A Christmas card from Lowestoft, 1911

What a cracking little Christmas card in reader Tom Edom’s family!

Can anyone tell us what these boats were please? Write to me using the comments link below or by email to gmatkin@gmail.com and I’ll pass the message on.

This is what Tom has to say:

‘This was a Chrismas card sent to my Grandfather in 1911, who seems to have owned Snipe a one design raced out of that fine port. But my one design knowledge starts somewhere in my parents generation.
‘They look like raters to me but raters were not one designs were they?
‘It seems that Snipe was not quite at the head of the pack but that a good time was had by all.
‘Hope this is an interesting quest.
‘Best regards, Tom’
Many thanks Tom – I’m sure it will be!

6 thoughts on “A Christmas card from Lowestoft, 1911”

  1. I see that the Coleen class originated in Dublin bay and may have been designed by a woman, no less (http://www.dbsc.org/index.php/about/history).
    But, with respect, I don’t see the Coleens and the Lowestoft boats as the same. The Coleens have less bow overhang, more sheer and are clinker built. The rigs indeed seem similar, reflecting the racing rig of the era perhaps.

  2. From Joe Farrow:

    “R/e the 1911 Christmas Card. I’m reasonable confident this was sent by a member of the Royal Norfolk & Suffolk yacht club. Their burgee being on the left of the triumvirate display on the cover. The square flag at the top is code flag ‘R’ – I suspect the racing flag for ‘Snipe’ the boat referenced in the card. It’s a unique feature of the BOD class that each boat is given an individual racing ‘flag’.

    The racing fleet is the ‘Broads One Design’ class – designed by Linton Hope in 1901, and initially the boats were built at Burnham on Crouch and moved to Suffolk by train. Just over thirty timber yachts were built over a period of 38 years. Twenty-seven still remain, including the first five built. Universally known as ‘brown boats’ because the hulls are varnished. They are a about 24ft long and very versatile. Easy to sail, but very difficult to sail well – if that makes sense!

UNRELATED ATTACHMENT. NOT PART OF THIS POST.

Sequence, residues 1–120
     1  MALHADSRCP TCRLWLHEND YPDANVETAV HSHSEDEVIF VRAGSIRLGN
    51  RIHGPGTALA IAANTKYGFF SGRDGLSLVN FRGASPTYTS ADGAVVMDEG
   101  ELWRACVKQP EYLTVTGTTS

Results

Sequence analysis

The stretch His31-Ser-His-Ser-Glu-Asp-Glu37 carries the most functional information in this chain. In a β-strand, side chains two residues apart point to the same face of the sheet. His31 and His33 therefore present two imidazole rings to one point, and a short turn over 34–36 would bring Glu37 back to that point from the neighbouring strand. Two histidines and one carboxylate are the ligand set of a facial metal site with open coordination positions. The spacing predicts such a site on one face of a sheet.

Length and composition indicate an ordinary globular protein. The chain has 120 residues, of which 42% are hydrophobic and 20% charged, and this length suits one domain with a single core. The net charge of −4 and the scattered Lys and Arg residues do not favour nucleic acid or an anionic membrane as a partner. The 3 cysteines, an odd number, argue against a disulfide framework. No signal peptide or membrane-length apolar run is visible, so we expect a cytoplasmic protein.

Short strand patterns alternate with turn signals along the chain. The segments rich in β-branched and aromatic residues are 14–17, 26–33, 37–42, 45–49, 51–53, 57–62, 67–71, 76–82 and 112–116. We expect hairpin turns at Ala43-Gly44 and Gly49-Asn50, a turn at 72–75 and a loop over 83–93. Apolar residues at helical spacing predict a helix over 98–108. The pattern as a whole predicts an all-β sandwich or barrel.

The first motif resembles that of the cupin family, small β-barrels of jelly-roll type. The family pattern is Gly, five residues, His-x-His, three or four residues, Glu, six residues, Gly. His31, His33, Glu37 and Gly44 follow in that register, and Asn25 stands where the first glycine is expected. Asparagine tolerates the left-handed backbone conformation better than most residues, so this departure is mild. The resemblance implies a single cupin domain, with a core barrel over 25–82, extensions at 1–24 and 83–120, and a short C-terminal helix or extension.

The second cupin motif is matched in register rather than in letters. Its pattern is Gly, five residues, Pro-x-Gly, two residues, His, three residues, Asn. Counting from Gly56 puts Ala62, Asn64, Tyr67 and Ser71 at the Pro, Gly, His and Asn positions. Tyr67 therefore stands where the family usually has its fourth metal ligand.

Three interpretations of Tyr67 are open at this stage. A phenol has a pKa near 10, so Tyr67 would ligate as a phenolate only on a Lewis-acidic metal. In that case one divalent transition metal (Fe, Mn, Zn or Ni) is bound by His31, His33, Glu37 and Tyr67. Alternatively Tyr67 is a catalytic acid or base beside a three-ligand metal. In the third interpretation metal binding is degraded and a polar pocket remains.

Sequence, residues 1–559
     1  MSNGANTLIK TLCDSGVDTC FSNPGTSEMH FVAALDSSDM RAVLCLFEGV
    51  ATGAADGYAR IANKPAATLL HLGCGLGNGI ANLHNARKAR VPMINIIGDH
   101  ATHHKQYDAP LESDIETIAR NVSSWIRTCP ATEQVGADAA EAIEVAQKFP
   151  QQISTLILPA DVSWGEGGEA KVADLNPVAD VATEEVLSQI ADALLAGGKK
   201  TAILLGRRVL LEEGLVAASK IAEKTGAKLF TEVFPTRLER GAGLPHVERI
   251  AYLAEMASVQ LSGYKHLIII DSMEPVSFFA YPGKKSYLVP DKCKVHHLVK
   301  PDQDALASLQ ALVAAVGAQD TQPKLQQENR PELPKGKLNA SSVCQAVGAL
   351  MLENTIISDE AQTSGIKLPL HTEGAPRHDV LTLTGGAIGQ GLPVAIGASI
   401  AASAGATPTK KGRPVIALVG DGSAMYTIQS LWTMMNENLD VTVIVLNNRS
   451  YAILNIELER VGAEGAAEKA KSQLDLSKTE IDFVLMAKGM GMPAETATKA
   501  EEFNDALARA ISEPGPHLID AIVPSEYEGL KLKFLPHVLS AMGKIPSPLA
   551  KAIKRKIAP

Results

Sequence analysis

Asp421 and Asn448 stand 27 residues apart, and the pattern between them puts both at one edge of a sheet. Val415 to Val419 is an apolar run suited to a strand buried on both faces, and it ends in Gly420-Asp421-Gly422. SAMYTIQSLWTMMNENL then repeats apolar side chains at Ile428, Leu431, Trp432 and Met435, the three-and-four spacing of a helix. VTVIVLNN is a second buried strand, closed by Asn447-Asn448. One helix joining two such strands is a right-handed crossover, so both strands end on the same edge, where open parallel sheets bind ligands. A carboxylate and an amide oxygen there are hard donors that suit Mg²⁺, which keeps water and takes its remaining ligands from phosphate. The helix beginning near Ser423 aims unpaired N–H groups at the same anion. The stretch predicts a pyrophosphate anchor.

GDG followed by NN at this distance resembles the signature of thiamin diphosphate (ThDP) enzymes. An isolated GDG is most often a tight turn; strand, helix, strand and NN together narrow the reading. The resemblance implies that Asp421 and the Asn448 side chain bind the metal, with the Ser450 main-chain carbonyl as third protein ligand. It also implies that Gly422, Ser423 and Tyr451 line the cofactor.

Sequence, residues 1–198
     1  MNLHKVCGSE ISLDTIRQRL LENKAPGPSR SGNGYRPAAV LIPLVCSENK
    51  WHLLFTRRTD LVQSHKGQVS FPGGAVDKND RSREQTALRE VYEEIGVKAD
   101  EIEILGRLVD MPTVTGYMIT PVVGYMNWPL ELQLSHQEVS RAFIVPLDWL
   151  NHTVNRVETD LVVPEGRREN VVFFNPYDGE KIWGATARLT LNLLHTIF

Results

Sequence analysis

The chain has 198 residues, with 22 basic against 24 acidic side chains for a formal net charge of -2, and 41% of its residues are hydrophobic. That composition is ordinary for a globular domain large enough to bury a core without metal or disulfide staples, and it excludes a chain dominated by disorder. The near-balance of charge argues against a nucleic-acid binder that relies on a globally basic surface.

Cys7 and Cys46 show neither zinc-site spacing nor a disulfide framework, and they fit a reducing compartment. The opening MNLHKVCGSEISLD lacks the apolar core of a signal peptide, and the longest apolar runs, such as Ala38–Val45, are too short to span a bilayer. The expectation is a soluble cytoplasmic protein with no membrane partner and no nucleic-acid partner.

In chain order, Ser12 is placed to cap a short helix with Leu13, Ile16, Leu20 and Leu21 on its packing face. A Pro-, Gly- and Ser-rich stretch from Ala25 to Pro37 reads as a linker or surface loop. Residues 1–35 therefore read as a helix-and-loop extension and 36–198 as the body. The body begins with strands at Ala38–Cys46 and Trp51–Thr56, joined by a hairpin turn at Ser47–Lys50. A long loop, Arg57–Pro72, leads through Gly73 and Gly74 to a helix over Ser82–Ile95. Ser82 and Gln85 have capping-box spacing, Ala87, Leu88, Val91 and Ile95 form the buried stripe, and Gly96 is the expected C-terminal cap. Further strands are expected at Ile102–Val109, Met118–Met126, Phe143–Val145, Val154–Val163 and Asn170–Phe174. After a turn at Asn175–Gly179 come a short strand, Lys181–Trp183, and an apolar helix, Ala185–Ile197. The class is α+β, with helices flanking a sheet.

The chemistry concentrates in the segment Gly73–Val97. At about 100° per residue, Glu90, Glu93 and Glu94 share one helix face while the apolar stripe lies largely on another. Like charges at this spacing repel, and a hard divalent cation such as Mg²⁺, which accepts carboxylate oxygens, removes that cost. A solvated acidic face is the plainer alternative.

In the photograph shown of the racing fleet – most of the BOD’s shown still survive. Bittern is No. 11, Dabchick No. 6 and sadly ‘Dotterel’ – No. 8 is noted as being lost in the West Indies. A sign of how widely travelled this class is. Regularly the Brown Boat fleet travels afar. This year is was to Monaco (?) in the South of France for a regatta!

    ‘Snipe’ still exists, and is in the ownership of Mr Mockridge & Mrs Clayton, according to the class listing.

    The BOD fleet still races from the Royal Norfolk & Suffolk – each year for a week long event known as ‘sea-week’. I suspect some of the competitors are still after the 100 guineas in the RNSYC safe for the first person to capsize a Brown Boat – rumoured to have been placed there in the early days of the class…”

    All the best,


    Thanks Joe – that’s great.

    1. Thanks Joe and Gavin,

      I had done some of my own research and come up with the same answer. There is a history of the class on the RN&SYC website here: http://www.rnsyc.net/wordpress/links/broads-one-design/. I feel slightly vindicated in saying they look like a Rater because the BOD was designed by Linton Hope who was also a designer of Raters,

      Its great that Snipe is still sailing. I wonder how much of her is original?

      Joe, do you know if RN&SYC have historical membership records. It would be fun to know when my Grandpa joined and left the club. And if he ever won anything!

      If the current owners want better copies of the Christmas card, that would be easy to arrange.



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